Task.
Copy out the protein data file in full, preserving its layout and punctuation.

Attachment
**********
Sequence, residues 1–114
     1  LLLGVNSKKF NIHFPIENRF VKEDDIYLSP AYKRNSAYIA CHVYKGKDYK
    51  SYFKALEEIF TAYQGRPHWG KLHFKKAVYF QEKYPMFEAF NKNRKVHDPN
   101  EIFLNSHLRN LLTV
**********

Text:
Sequence, residues 1–114
     1  LLLGVNSKKF NIHFPIENRF VKEDDIYLSP AYKRNSAYIA CHVYKGKDYK
    51  SYFKALEEIF TAYQGRPHWG KLHFKKAVYF QEKYPMFEAF NKNRKVHDPN
   101  EIFLNSHLRN LLTV